The highly controversial Aspartame has been regarded by some as one of the most dangerous ingredients used in our food supply – while “official” sources continue to maintain its safety and continue not to mention the “negative” studies.
Aspartame has in fact been linked to seizures and a host of other major health issues including fatal cardiovascular events in women. Recent studies (we’ve found them!) have shown that not only does artificial sweetener intake have an association with diabetes , it also increases the risk for heart, kidney, and brain damage.
But these are not the only negative studies: In 1967, Dr. Harold Waisman, a biochemist at the University of Wisconsin, conducted aspartame safety tests on infant monkeys on behalf of the Searle Company. Of the seven monkeys that were being fed aspartame mixed with milk, one dies and five others have grand mal seizures.
A toxin by any other name… the dangers of Aspartame have been known for quite some time now. It is an artificial sweetener with a spectacularly bad track record but is still found in many of the foods we consume daily including “diet” beverages, chewing gum, breakfast cereals, and even preserves.
It’s important to know what you are eating – and important to understand the way marketing works: In a move to cover up it’s bad reputation, aspartame may be disguised as a new name in your favorite foods – aminosweet.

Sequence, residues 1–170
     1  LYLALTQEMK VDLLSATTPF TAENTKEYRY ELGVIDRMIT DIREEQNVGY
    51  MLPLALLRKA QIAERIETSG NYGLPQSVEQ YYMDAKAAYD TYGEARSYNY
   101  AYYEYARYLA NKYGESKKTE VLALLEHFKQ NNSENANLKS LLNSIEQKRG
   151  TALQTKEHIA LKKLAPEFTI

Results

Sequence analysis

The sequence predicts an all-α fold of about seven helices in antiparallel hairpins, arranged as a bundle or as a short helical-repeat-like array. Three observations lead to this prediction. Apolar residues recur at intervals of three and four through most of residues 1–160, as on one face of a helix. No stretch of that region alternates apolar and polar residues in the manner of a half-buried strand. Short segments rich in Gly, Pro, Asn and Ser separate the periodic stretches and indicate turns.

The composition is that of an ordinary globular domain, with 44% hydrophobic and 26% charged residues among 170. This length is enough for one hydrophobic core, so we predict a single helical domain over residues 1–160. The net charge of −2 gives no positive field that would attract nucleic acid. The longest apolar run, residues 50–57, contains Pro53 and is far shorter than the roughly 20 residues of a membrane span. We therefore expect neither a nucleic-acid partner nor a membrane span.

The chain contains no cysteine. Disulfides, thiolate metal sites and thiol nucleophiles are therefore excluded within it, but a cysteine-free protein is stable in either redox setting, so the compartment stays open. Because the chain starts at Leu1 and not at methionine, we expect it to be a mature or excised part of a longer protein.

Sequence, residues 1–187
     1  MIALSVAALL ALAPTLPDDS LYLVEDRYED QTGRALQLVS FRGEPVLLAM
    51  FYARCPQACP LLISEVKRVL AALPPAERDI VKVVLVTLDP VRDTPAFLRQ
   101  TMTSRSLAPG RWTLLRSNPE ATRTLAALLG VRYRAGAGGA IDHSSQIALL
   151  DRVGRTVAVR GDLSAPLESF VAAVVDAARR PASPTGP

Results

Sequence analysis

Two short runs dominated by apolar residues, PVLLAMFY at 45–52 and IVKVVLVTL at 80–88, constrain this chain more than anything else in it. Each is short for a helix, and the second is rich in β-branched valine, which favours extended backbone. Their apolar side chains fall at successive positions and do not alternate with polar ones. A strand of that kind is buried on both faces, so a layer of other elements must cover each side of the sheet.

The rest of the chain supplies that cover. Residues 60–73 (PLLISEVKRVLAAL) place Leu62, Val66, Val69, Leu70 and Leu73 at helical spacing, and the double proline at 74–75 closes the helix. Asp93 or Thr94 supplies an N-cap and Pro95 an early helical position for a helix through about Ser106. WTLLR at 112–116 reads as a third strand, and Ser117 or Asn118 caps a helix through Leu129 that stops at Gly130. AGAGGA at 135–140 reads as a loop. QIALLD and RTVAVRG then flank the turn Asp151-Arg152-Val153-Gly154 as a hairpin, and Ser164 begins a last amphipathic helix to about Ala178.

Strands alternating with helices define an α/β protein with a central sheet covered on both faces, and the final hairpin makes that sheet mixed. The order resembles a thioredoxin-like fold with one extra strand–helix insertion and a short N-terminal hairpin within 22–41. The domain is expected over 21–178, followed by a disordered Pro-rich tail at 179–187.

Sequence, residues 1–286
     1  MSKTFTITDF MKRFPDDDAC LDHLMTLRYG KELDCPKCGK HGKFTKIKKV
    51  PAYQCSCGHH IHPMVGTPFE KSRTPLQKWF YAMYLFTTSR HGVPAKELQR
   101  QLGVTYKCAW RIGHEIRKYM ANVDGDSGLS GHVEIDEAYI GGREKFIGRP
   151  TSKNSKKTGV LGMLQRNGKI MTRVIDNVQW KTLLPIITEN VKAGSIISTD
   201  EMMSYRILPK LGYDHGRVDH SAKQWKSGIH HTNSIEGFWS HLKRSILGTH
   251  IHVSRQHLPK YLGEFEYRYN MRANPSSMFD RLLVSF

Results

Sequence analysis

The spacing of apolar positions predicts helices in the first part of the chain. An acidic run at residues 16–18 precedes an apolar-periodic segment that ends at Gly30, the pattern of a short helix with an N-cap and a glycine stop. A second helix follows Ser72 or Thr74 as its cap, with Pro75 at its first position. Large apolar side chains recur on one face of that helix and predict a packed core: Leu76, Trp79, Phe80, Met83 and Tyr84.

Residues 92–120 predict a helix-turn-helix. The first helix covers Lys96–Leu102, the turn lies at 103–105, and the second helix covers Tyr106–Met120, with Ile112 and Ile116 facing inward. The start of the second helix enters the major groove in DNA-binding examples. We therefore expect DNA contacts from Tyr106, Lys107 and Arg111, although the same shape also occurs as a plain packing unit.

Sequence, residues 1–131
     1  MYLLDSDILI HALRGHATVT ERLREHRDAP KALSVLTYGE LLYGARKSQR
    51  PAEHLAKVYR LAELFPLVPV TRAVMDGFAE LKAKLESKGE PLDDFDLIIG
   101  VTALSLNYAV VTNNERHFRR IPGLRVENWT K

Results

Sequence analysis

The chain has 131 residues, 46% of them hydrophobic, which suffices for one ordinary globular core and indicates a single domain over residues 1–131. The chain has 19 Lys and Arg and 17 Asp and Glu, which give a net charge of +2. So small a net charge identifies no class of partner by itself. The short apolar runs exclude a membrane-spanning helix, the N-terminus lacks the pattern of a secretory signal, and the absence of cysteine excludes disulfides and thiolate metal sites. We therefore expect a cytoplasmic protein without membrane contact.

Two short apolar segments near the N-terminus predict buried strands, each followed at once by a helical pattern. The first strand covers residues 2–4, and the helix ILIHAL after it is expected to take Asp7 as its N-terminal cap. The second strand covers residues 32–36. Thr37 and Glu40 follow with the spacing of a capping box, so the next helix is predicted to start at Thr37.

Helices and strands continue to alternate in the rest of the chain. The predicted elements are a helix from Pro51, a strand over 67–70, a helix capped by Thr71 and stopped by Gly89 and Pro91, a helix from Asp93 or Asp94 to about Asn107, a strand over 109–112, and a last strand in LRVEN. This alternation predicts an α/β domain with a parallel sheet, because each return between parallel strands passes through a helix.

Used as a sugar substitute and often marketed under the brand names Nutrasweet or Equal, aspartame is regarded as an excitotoxin. Its use has been mired in controversy since the 1980s when the CEO of Searle, Donald Rumsfeld, pushed for its approval. Now, its name is being changed with FDA approval, will millions more be tricked into purchasing and consuming this toxin once again?
Aspartame, even renamed Amino Sweet, is made (astonishingly) using genetically modified bacteria in the USA. In the European Union, it is codified as food additive E951.
Note: because its breakdown products include phenylalanine, aspartame must be avoided by people with the genetic condition phenylketonuria (PKU).
 Suez, J., et. al. (2014). Artificial sweeteners induce glucose intolerance by altering the gut microbia. http://www.readcube.com/articles/10.1038/nature13793
 UI Health Marketing and Communications. UI study finds diet drinks associated with heart trouble for older women. http://now.uiowa.edu/2014/03/ui-study-finds-diet-drinks-associated-heart-trouble-older-women
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